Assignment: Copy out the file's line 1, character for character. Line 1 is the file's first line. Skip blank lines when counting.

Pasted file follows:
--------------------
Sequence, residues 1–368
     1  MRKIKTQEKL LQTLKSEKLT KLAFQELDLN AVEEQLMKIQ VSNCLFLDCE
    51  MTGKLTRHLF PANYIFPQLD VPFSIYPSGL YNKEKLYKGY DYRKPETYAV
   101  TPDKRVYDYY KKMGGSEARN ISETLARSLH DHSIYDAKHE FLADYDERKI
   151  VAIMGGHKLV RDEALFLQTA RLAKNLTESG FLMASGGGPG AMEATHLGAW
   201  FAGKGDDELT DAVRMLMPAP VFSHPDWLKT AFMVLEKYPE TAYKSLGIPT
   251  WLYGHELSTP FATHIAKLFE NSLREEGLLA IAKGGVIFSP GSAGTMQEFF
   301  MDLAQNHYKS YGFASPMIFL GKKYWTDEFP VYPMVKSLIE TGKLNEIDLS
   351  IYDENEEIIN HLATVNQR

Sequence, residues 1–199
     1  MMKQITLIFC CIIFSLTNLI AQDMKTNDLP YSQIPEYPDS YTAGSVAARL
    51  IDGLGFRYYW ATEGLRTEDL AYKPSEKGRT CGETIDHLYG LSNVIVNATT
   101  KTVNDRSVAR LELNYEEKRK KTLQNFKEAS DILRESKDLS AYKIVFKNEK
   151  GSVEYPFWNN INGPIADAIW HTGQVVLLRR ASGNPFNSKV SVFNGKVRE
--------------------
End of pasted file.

Sequence, residues 1–368